Native Hawaiian, Pacific Islander Communities Faced Significant Disparities in Mental, Physical Health During Pandemic
September 20, 2022 08:05pm
By Erin Hunter, Assistant Editor
Research found that Black health care workers had higher odds of depression and anxiety than White health care workers.
Racial and ethnic minorities bore a disproportionate mental health burden during the COVID-19 pandemic, according to the authors of a study published in PLOS ONE.
During the heights of the pandemic, research established that minority groups were disproportionately impacted by COVID-19 when compared to non-Hispanic whites, including experiencing higher rates of infection, severe disease, hospitalization, and death. Following the pandemic, reports showing a 3-fold increase in the incidence of depression symptoms showed that the pandemic had a significant impact on mental health broadly, but the effects of COVID-19 on the mental health of minorities was not clear based on the data.
In the new study, investigators used data on 691,473 individuals in the United States and United Kingdom who responded to the smartphone-based COVID Symptom Study between January 23, 2021, and June 9, 2021. Recruited through social media, participants reported baseline information before logging daily information on their symptoms and COVID-19 testing results using an app called Zoe.
According to the study, after controlling for personal factors including prior mental health diagnoses and changes in leisure time activities, Black participants in the United States were 1.16 times more likely to screen positive for depression than White participants. Hispanic participants were also 1.23 times more likely to screen positive for depression and 1.23 times more likely to show signs of anxiety compared to White participants.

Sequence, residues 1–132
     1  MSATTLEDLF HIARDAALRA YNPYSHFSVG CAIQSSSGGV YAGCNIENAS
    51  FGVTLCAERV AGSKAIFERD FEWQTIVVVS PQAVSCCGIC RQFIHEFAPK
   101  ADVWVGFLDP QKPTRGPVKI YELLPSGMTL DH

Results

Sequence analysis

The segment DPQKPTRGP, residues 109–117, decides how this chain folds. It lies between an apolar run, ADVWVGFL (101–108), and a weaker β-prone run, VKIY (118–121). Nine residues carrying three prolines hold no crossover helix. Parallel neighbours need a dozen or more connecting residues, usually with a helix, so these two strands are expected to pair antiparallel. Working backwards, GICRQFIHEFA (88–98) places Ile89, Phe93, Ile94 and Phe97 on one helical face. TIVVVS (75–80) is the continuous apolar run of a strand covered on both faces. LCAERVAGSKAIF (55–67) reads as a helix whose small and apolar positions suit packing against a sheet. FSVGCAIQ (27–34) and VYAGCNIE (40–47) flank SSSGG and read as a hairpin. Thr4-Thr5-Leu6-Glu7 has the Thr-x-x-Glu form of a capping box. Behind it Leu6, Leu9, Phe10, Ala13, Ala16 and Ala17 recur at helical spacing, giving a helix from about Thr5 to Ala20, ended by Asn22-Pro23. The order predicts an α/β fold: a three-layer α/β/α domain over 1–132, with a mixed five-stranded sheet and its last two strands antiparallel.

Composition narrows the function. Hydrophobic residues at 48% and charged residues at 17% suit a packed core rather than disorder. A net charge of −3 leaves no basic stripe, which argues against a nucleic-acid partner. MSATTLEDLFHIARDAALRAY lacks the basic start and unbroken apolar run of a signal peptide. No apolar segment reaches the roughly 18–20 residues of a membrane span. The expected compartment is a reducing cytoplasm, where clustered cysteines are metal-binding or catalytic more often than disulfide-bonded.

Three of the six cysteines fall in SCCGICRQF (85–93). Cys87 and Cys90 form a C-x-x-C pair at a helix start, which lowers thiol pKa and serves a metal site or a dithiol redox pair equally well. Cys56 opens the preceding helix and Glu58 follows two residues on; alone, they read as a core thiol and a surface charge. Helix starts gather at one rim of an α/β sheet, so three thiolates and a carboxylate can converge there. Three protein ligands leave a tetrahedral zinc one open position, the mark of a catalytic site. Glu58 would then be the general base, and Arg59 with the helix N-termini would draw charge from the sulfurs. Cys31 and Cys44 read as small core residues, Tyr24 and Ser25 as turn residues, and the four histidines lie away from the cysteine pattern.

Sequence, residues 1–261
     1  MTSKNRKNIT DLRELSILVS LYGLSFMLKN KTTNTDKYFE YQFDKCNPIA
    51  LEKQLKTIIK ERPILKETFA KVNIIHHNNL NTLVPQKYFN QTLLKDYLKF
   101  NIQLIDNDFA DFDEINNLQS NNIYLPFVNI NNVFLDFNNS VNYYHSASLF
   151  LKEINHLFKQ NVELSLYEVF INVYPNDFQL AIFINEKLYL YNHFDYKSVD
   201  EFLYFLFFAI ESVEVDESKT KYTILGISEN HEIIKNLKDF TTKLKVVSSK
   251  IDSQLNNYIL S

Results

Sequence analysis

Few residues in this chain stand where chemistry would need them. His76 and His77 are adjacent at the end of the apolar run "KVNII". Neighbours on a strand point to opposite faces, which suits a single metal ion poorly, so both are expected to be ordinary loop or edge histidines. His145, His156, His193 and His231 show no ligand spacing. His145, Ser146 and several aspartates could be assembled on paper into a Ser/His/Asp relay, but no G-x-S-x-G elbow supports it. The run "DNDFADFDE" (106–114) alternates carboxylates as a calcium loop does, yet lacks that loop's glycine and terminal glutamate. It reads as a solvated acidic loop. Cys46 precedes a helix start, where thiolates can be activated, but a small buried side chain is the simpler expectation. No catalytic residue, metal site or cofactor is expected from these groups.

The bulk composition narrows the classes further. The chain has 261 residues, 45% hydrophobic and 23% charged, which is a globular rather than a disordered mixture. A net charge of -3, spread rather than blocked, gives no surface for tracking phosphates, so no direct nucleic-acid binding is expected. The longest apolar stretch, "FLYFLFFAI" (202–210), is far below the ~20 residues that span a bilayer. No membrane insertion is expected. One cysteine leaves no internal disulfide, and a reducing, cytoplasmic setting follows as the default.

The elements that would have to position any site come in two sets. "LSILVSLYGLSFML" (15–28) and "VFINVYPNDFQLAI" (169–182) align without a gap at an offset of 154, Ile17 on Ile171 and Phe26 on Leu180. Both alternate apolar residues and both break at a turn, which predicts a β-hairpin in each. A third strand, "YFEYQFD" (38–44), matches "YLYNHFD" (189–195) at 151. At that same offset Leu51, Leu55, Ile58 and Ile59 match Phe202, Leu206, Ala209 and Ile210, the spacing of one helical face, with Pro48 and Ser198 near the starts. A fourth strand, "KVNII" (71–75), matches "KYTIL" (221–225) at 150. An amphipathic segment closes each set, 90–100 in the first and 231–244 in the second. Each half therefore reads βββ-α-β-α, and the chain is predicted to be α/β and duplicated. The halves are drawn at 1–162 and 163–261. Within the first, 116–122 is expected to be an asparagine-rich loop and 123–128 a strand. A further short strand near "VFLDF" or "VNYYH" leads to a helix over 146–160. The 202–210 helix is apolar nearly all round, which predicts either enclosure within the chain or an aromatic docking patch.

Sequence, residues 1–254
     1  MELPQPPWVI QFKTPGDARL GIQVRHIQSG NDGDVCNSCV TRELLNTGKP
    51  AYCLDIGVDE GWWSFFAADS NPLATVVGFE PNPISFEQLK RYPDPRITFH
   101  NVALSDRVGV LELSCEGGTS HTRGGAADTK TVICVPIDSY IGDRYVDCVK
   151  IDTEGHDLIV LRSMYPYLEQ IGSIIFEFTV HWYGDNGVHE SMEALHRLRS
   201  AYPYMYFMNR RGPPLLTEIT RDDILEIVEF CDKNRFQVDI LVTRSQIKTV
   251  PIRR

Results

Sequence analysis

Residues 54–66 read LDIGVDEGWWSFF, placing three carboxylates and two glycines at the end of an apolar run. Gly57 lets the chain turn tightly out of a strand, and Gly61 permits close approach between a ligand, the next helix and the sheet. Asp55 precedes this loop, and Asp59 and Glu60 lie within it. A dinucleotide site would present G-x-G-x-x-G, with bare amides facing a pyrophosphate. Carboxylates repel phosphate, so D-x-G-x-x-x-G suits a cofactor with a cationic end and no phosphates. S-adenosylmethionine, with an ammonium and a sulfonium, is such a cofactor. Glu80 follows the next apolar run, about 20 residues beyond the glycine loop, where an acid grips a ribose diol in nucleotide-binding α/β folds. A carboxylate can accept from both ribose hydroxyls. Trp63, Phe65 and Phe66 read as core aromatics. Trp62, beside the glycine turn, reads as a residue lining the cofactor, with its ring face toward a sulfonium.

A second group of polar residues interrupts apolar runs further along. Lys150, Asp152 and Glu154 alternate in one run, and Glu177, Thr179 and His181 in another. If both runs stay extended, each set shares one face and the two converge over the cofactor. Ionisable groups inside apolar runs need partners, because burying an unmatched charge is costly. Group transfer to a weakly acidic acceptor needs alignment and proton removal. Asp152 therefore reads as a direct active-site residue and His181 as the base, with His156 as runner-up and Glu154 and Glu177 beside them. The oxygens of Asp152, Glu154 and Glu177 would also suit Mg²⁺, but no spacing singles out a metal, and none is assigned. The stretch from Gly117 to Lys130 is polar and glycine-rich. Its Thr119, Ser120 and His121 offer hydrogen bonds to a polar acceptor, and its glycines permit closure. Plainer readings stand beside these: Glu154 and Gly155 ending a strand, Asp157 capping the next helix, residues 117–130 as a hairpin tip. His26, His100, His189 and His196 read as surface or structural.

“The early phase of [the] COVID-19 pandemic was incredibly disruptive to everyday life,” wrote the authors in the study. “We found that racial and ethnic minorities in the US and UK were more likely to screen positive for depression and anxiety.”
Similar results were found for Black and Asian participants in the United Kingdom, as well as those within other participant subgroups, including Black health care workers, who had higher rates of depression and anxiety than White health care workers.
Based on these findings, the authors concluded that minority communities in both the United States and the United Kingdom experience a mental health burden that was disproportionate to other communities during the COVID-19 pandemic. These problems could also last well beyond any presumed conclusion of the pandemic.
“[The findings] suggest a disproportionate impact and mental health burden on persons of color, which need to be considered as we reshape health care systems to prioritize the long-term consequences of this disease,” the authors wrote in the study.
Minorities bore disproportionate mental health impact of pandemic. News release. Science Daily; August 10, 2022. Accessed August 17, 2022. https://www.sciencedaily.com/releases/2022/08/220810161148.htm